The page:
So, Malek drew a line with his agents. “Any calls that come about playing Arabs or Middle Easterners in a negative light? I don’t need to respond to any of them anymore. No more of this.”
It doesn’t seem like coincidence that after this decision, Malek’s path would cross with Esmail’s – nor that the pair would create the best work of their careers. Over the years, it’s clear that Malek’s Egyptian identity has only solidified – grown more rigid in response to every slight. You don’t need to ask him which culture he most identifies with: he’ll volunteer it.
“There’s no first-generation, or second-generation removed. I am Egyptian. I grew up listening to Egyptian music. I loved Umm Kulthum. I loved Omar Sharif,” says Malek. “These are my people. I feel so gorgeously tied to the culture and the human beings that exist there. I acknowledge that I have a different experience, but I am so enamoured and intertwined with Egyptian culture. It is the fabric of who I am.”
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When Malek was approached to play Freddie Mercury, no cell in his body would allow him to exaggerate his skill set.
“I said, ‘Look, I don’t play piano, I don’t sing, I don’t consider myself a dancer at all.’”
The film wasn’t yet green-lit – and in Hollywood, you never know. But Malek knew enough. He decided to fly himself to London. He started getting singing lessons, piano lessons, guitar lessons.
“I thought, ‘If this really does happen, there’s no way I’m going to go into this unprepared. And if it doesn’t? Well, I learned how to do a few things.’”
Malek sat down with a series of choreographers, each trying to help him break down the wild idiosyncrasies of Mercury. It didn’t work. Mercury, it turns out, can’t be broken down into a routine.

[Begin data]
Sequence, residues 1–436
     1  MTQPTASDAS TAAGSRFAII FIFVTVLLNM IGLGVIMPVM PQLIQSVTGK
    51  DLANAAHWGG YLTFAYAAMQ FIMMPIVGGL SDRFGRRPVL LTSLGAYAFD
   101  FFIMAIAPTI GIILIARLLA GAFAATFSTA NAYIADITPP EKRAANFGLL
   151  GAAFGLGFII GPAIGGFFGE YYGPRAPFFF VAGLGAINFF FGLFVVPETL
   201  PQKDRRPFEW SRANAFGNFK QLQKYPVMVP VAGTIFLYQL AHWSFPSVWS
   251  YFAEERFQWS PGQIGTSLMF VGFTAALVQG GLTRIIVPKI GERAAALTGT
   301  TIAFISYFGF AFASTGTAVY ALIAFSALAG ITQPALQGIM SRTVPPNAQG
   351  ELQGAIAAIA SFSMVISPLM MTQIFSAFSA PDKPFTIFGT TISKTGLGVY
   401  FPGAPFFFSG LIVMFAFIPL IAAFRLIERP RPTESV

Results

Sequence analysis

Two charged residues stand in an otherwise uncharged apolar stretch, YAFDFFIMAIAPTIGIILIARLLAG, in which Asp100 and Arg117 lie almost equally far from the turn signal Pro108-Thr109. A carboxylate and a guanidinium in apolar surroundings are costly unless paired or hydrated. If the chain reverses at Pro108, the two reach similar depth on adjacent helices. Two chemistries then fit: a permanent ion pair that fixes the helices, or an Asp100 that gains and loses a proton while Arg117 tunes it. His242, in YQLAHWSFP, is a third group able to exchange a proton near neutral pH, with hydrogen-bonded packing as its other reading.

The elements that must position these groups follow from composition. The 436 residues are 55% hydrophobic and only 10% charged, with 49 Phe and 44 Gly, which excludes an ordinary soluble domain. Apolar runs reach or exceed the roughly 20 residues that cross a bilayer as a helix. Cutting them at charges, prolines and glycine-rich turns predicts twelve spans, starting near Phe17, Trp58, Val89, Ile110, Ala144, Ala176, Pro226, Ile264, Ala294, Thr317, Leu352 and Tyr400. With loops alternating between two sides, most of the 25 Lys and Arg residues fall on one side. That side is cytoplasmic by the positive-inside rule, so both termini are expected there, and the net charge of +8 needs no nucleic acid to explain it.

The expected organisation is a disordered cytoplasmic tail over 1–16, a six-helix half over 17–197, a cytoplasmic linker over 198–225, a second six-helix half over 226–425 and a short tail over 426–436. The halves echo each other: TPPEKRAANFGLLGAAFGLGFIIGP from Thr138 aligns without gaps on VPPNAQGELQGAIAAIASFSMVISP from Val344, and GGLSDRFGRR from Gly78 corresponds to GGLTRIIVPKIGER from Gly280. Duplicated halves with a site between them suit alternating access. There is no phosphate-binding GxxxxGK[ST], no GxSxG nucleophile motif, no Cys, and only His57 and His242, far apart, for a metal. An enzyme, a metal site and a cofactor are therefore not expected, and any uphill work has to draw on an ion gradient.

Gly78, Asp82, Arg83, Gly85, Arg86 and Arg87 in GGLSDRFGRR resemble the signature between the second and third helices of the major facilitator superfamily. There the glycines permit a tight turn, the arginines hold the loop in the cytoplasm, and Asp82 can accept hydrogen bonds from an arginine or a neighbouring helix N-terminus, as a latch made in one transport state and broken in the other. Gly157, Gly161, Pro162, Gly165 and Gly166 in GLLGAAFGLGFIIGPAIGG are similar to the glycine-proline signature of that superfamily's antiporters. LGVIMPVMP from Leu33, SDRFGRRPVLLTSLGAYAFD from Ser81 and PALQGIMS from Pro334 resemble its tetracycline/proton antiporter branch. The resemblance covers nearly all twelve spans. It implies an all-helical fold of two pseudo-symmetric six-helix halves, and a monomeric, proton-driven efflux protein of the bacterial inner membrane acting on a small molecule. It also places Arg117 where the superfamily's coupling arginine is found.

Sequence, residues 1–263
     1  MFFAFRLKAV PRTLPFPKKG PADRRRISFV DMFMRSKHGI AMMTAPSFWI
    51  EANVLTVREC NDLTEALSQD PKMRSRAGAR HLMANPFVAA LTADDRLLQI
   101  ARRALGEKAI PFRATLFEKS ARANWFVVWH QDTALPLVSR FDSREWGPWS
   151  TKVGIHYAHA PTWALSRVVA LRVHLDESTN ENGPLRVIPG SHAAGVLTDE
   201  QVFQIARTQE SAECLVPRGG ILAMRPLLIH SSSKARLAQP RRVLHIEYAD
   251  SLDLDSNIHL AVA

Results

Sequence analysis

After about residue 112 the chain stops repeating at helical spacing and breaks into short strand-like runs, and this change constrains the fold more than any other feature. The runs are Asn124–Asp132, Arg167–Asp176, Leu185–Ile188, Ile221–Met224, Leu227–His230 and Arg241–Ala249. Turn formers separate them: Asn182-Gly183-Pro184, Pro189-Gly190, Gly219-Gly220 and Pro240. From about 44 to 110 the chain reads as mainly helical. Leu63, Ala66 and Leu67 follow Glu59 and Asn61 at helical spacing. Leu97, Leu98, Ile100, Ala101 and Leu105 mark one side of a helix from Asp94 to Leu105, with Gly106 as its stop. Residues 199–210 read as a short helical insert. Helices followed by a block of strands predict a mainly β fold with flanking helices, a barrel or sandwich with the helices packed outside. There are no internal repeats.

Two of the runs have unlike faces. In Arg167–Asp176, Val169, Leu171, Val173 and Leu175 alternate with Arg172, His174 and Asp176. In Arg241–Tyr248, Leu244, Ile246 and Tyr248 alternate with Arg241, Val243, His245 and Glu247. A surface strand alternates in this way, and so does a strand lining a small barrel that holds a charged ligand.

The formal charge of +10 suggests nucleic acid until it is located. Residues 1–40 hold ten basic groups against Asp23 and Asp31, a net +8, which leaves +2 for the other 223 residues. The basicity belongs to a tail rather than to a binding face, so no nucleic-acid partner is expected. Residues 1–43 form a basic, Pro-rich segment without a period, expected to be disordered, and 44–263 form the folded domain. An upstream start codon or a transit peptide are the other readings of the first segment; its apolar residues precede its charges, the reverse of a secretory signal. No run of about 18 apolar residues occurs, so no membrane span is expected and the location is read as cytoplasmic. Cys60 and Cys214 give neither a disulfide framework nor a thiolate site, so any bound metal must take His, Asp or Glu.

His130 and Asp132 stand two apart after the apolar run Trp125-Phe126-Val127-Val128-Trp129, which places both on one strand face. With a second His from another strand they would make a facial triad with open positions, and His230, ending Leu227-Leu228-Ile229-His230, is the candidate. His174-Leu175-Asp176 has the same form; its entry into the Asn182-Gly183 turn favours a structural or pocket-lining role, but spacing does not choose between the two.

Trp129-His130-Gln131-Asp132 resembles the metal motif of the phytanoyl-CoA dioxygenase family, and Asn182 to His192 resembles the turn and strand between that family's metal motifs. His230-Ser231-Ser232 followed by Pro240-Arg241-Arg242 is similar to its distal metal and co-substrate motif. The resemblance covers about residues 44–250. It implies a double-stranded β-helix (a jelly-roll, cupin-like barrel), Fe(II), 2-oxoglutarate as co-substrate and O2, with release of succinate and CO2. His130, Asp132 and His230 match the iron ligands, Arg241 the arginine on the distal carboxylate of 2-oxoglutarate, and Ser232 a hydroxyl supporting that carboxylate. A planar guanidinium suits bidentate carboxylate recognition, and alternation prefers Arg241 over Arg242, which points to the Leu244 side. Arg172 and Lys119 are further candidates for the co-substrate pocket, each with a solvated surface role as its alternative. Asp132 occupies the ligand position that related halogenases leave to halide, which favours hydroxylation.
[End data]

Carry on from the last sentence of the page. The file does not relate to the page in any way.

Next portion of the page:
“I needed someone who could help me do it on the day, so that I wouldn’t be choreographed. So that I could just do Freddie.”
The thought of someone – anyone – being able to flip a switch and do Freddie Mercury is scoff-inducing. But then, you watch Malek’s hands strike the opening strains of “Bohemian Rhapsody” on the piano. You see the bass vamp in the left hand. You see the hands cross over, the fingers arched just so. You see the shoulders rise as he hits a high note. You see the little bounce on the piano stool, part excitement, part rhythm-keeping. It’s impeccable.
Getting there wasn’t without struggle. At various points, the production of Bohemian Rhapsody was hit with drama that was wholly unscripted. Roles as varied as screenwriters, producers, directors and lead actors played a miserable game of musical chairs. This came to a head when director Bryan Singer was fired from the production, three months into filming. The film’s studio said that Singer had been dropped as director due to “unexpected unavailability”, but several publications reported that Singer had repeatedly clashed with Malek.
There’s no incentive to discuss turmoil – nothing worth taking attention away from a marathon project with an overflowing amount of promise. But Malek will say this much: “Everyone’s job is as important as one another’s. I’ve seen it; I’ve seen such ugliness on sets. Why make people feel small?”